Use the words “art” or “craft” to describe what Palmer does and he’ll laugh a jolly laugh, but it’s clear he has put thought into the ethical boundaries of his Santa. For starters, he’s down-to-earth (literally) and fair, and he imparts hope.

“I’m not the come-down-the-chimney Santa Claus; I don’t have reindeer,” he said. “What I talk to the kids about, I say, ‘I can’t make a promise of what you’ll get, but I’ll work hard.’”

It’s easy to demure when a child asks for a big gift like a life-size personal robot or a mini Ferrari, but he also takes care to respect kids and parents when they make smaller requests. His role as an intergenerational intermediary is a great responsibility.

“I never make the promise,” Palmer said. “[But like every hard-and-fast rule,] there are exceptions. There are times when the parent hears what the child is asking for and may nod at me. I pay attention to that.”

Because, every once in a while, some parents can have a pretty good idea of what’s happening with Santa and Mrs. Claus up at the North Pole.

Palmer admitted there’s another conundrum to being Santa: The version of Christmas celebrated today is one that’s too often driven by economics.

“I do believe if there wasn’t a Christmas, we’d have to invent one,” he said. “We do it to keep our economy moving. But now, it’s worked too well and we have to rent storage units to keep the stuff we don’t have room for.”

We told you this Santa is down-to-earth. That’s why he takes the few minutes to visit with his young guests and remind them that the true meaning of Christmas isn’t about receiving toys. The most valuable gifts are the ones already around you.

“I’m not devout,” Palmer said. “Of course it’s about the family!”

As a family man himself, Palmer has some advice for parents when they take the kids to visit Santa.

“The young ones, the 2- and 4-year-olds, they get antsy,” he jovially said. “You should sit on Santa’s lap first to show them it’s OK.”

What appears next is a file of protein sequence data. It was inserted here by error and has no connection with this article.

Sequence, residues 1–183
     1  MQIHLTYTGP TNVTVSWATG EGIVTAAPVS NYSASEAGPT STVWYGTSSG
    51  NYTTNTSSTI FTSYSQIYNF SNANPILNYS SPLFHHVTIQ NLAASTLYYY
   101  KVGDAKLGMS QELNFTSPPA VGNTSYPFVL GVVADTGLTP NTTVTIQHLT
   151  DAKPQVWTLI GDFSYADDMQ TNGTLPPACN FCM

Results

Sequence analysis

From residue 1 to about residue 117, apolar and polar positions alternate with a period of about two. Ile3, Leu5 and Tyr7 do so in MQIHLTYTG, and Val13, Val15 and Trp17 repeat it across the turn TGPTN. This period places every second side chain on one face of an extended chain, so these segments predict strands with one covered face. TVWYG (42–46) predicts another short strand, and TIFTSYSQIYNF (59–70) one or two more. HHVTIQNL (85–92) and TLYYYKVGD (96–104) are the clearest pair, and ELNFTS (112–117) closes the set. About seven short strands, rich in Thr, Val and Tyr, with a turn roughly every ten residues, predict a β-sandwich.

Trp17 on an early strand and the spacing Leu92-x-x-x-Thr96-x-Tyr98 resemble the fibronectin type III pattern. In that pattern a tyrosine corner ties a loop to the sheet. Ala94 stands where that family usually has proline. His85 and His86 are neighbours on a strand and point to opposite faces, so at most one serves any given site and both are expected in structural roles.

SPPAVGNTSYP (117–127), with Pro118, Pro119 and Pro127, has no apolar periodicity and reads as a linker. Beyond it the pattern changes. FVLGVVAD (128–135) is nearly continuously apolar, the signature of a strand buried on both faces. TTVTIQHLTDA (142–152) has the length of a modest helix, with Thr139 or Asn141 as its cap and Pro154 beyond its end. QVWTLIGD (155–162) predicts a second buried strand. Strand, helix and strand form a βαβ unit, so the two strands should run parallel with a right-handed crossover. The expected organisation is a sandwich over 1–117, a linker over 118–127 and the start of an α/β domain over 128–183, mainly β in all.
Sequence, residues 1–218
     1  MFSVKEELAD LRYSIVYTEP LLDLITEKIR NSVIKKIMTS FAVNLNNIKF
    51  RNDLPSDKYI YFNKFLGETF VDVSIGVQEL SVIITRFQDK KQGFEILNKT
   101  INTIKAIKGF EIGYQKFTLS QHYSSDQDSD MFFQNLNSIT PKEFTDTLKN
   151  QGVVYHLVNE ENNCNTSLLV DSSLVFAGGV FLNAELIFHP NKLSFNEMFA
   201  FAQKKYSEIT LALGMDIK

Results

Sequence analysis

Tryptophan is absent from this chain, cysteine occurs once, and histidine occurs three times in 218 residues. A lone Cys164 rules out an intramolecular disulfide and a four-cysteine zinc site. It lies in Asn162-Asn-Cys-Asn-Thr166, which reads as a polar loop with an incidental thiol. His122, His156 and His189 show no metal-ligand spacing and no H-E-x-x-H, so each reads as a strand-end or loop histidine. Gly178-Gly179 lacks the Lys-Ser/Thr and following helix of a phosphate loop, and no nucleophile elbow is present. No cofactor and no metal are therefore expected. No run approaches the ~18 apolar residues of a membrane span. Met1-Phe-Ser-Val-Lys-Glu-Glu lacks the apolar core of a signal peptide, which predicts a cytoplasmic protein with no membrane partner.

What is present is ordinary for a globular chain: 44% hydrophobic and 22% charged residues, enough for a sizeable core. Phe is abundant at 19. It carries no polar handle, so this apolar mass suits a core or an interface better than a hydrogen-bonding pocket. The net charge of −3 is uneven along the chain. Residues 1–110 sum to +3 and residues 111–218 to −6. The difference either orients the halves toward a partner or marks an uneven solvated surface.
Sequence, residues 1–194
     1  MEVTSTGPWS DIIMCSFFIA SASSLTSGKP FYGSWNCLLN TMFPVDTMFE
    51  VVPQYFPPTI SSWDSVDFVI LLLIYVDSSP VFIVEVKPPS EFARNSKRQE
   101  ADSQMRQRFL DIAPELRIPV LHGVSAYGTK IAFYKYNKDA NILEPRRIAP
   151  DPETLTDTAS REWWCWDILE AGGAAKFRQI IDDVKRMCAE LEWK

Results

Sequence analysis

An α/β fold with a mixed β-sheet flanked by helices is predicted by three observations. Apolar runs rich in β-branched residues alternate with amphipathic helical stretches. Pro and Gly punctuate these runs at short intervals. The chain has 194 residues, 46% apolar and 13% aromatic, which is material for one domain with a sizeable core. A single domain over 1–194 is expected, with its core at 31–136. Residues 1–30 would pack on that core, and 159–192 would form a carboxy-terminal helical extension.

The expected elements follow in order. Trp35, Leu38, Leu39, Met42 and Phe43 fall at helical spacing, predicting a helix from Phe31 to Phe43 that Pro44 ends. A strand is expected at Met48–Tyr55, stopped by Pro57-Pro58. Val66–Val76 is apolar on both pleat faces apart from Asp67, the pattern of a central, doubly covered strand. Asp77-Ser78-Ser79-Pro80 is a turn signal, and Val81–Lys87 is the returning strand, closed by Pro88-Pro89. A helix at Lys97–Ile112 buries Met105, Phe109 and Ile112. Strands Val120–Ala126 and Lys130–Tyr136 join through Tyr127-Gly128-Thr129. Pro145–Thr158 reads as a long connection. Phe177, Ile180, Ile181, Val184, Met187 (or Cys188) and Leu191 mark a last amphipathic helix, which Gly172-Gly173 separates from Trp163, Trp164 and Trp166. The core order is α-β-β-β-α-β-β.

Rubén Espinosa during a Santa photoshoot, Thursday, Dec. 1, 2016. - GARETT FISBECK
  • Garett Fisbeck
  • Rubén Espinosa during a Santa photoshoot, Thursday, Dec. 1, 2016.

Rubén Espinosa

With a love for making children smile, an infectious smile and the ability to bellow ho, ho, ho on command, La Tremenda 1460 AM KZUE radio host Rubén Espinosa portrays the quintessential Christmas character each holiday season.

This time of year, listeners of the Hispanic radio station know Santa Claus occasionally makes a special appearance on-air, appealing to boys and girls and everyone who believes in the magic of Christmas.

“I say, ‘Aquí está Santa Claus,’” Espinosa said as his eyes went wide and his face lit up to reenact one of his on-air announcements.

Next, Espinosa’s voice lowered with enough depth to shake a bowl full of jelly.

“‘Ho, ho, ho! Feliz Navidad,’” he bellowed.

Espinosa sees his role as Santa as a friend to children, one who guides them toward hope, love and peace.

Espinosa’s holiday greetings as the jolly old elf are infused with messages encouraging children to obey their parents and grandparents and work hard in school. He also reminds them that Santa Claus is coming to town and he doesn’t forget any child who believes.

Since 1989, Espinosa has spread cheer and life lessons to the many children who listen to La Tremenda or take part in the radio station’s Navidad en el Barrio, or Christmas in the Neighborhood. The annual event is an important part of the Oklahoma City Hispanic community’s holiday tradition. Families line up to meet Santa Claus, sing along to holiday carols and watch live, family-oriented performances.

As in Mexico, volunteers hand out bags of goodies filled with peanuts and candies. Thousands of wrapped Christmas presents are lined against the walls, ready to be handed out to children.

“I see all the kids smile,” Espinosa said. “For some families with six or seven kids, they might not have any means for buying gifts. I am very happy to look out at all the families and see the toys in the hands of each of the kids.”

Last year’s event attracted 3,000 people, including parents and grandparents. This year’s event is 4-6 p.m. Sunday at Plaza Mayor at the Crossroads, 7000 Crossroads Blvd. Navidad en el Barrio began when media professional Nancy Galvan brought Christmas joy to Chicago’s Hispanic community. In 1989, Galvan moved to Oklahoma after purchasing the radio station and quickly organized Oklahoma City’s first Navidad en el Barrio. A crowd of 400 children attended, meeting Santa Claus — portrayed by Espinosa — and taking home Christmas gifts.

“I see the kids as my own,” said Galvan, who sometimes dresses as Mrs. Claus. Galvan, along with many of the radio station’s advertisers, donate the toys. “A toy can dry a child’s tears away.”

To Espinosa, Navidad en el Barrio embodies the season of giving. Like a proud grandparent, he scrolled through his cell phone to revisit images and videos taken at past events. With a smile, Espinosa explained some children finish their visits with Santa with a hug. He has witnessed children, overcome with happiness, cry when they are handed a gift.

“You feel very good,” Espinosa said, “and very happy.”

Print Headline: City Santas, OKC’s Santas bring the legend to life and celebrate the reason for the season.